Copper cable has been known as the easily tapped physical transmission medium for years. Conscientious network and security managers either provided tight physical security for cabling or used fiber as an alternative. Many network managers considered fiber relatively safe due to the perceived challenges associated with tapping into an optical cable run. However, fiber is no safer than copper.
For less than $1,000, an attacker can purchase the hardware necessary to tap into a fiber run. The tap consists of bending the fiber to the point that it leaks light. Figure A offers an example of how this might be accomplished.
Figure A (Sandra Kay Miller, Information Security Magazine, November 2006)
The fiber cable to be tapped is placed into a micro-bend clamping device (1). The light pulses leaking from the cable are detected by the optical photo detector (2) and sent to an optical-electrical converter (3). The converter changes the light pulses to electrical information that is placed on an Ethernet cable attached to an attacker's laptop. The laptop, running sniffer software, provides the attacker with a view into the data traveling through the tapped fiber cable. Figure B is a photograph of actual tap hardware.
Figure B ("Fiber Optic Intrusion Detection Systems," NetworkIntegrity Systems, 2005)
The most obvious way to protect your fiber cables from this type of attack is to prevent physical access to them. But what happens if all your efforts fail to prevent a bent cable tap?
When cable taps present a higher than acceptable risk, consider encrypting all sensitive data in transit. Another possible solution is a fiber intrusion detection device. These devices can detect subtle changes in the characteristics of the light traveling over monitored fiber. These changes are most prevalent when preparing fiber for a tap. Security personnel monitoring this information can analyze it for possible attacks against the network.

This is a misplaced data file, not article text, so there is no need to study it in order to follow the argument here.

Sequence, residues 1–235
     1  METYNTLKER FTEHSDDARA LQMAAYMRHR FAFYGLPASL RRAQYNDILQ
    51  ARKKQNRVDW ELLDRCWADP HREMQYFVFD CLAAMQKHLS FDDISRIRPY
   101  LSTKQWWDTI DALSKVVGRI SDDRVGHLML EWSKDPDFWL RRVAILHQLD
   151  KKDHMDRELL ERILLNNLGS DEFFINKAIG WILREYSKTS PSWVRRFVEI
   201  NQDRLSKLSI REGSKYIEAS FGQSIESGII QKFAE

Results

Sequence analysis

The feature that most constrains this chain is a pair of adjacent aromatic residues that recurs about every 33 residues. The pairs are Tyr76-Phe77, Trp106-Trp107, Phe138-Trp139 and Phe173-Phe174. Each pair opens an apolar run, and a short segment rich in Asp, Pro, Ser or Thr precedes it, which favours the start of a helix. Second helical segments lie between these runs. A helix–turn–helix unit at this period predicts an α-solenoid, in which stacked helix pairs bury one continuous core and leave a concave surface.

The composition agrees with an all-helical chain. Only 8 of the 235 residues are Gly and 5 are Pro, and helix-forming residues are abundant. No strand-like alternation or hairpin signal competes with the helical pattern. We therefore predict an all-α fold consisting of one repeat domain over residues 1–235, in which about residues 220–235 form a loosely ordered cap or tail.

In summary, there is no cable type that is safe from tapping. It is the responsibility of security and network management personnel to take the steps necessary to protect data as they move across internal copper and fiber media. These steps include both physical and technical solutions.
Tom is a security researcher for the InfoSec Institute and an IT professional with over 30 years of experience. He has written three books, Just Enough Security, Microsoft Virtualization, and Enterprise Security: A Practitioner's Guide (to be published in Q1/2013). Before joining the private sector, he served 10 years in the United States Army Military Police with four years as a military police investigator. He has an MBA and CISSP certification. He is also an online instructor for the University of Phoenix.